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Ocean Plankton Ingest Twice as Much Carbon as Previously Assumed

Study upends long held notion based on Redfield Concept that plankton has same ratio of elements regardless of where they live.

March 18, 2013

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Photo courtesy Coral Oasis, Costa Mesa, Calif.
It has been a long held belief that plankton, the building blocks for all living things in the ocean, maintain the same level of elements regardless of where they are located in the world's oceans and seas. Researchers with the University of California, Irvine have dispelled that notion, with a published study saying that plankton located near the surface in warm waters are twice as more carbon rich than previously thought, and the scientists say that marine temperature fluctuations may be the cause of this double ingesting of carbon by Prochlorococcus and other microbes.

According to a press release put out by the university, the research at the southern California university has completely upended the common held notion, once championed by oceanographer Alfred Redfield, that plankton and the materials that they discharge from their bodies contains the same ratio ((106:16:1) of carbon, nitrogen and phosphorus. The researchers found that there are different ratios of these elements at a range of marine locations.

"The Redfield concept remains a central tenet in ocean biology and chemistry. However, we clearly show that the nutrient content ratio in plankton is not constant and thus reject this longstanding central theory for ocean science," said lead author Adam Martiny, associate professor of Earth system science and ecology & evolutionary biology at UC Irvine. "Instead, we show that plankton follow a strong latitudinal pattern."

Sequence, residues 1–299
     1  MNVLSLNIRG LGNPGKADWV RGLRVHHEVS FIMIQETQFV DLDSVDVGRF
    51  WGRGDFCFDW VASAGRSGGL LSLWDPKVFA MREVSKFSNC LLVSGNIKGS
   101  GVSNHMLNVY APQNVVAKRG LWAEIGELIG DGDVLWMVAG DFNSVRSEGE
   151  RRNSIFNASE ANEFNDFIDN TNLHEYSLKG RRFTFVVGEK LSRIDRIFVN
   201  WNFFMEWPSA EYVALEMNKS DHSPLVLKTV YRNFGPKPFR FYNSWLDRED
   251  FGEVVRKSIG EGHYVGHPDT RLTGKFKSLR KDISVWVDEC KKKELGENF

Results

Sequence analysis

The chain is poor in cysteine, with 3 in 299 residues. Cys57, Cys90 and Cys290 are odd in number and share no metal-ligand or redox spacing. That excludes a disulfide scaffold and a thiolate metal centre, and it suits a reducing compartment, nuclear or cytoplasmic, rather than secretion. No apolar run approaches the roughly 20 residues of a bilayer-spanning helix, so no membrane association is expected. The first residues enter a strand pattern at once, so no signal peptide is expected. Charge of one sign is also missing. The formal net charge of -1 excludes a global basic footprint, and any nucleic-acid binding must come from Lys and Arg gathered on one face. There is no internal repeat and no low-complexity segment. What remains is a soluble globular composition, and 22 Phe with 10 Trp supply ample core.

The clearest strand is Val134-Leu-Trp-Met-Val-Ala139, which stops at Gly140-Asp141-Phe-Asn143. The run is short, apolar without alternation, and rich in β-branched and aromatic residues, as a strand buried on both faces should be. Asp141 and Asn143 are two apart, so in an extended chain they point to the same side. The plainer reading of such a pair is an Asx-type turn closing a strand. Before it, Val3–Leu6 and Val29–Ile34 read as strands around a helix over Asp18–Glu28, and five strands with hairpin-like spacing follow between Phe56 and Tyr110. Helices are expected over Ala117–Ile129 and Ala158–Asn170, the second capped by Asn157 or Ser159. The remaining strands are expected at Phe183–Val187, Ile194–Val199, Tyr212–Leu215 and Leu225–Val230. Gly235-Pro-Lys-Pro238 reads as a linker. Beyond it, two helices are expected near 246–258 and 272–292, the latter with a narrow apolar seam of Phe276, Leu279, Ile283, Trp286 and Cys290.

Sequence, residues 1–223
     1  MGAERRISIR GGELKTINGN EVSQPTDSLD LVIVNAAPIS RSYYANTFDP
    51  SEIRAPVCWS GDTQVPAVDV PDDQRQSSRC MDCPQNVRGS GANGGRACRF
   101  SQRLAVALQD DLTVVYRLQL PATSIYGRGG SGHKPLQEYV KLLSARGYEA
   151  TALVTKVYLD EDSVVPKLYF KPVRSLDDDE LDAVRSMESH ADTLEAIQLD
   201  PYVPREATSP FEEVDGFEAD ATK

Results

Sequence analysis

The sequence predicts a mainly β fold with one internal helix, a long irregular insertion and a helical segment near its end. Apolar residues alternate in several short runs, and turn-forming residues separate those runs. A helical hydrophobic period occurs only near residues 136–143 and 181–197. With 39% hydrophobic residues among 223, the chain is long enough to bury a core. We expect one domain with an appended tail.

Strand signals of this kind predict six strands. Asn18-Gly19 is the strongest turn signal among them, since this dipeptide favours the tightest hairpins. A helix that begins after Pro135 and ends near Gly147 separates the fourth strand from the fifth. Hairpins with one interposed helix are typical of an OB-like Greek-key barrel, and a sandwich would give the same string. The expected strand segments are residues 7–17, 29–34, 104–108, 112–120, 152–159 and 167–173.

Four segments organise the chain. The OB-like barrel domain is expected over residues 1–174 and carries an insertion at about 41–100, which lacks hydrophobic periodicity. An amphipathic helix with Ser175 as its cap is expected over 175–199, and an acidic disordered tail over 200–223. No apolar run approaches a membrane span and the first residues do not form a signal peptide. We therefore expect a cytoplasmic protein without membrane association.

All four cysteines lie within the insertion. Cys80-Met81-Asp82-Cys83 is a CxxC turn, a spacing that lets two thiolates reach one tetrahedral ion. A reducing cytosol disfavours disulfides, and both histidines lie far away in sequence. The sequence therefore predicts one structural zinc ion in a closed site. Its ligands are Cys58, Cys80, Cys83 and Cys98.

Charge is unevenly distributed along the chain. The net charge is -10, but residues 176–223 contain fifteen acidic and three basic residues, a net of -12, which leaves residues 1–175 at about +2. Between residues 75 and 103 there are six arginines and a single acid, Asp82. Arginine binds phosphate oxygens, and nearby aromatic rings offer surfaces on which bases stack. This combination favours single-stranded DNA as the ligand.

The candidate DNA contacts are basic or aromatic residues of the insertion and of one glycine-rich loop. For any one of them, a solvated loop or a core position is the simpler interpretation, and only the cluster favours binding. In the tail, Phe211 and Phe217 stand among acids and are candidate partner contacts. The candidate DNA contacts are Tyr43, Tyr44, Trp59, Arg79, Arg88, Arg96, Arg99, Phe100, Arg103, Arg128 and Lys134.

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Martiny and fellow researchers (Chau Pham, Francois Primeau, Jasper Vrugt and Keith Moore of UC Irvine; Simon Levin of Princeton University and UC Irvine; and Michael Lomas of the Bigelow Laboratory for Ocean Sciences) gathered large jars of seawater from seven locations around the world, including the Bering Sea, off the coast of Denmark in the North Atlantic, the Caribbean, and other locales. They then used a cell sorter on board the research vessel to analyze the water samples at the molecular level and then compared the data they collected with that of 18 other marine voyages and noted that Redfield's ratio of constant elements, a staple in textbooks and research since 1934 was inaccurate.  

Their work was funded by the National Science Foundation, the U.S. Department of Energy and the UCI Environment Institute.

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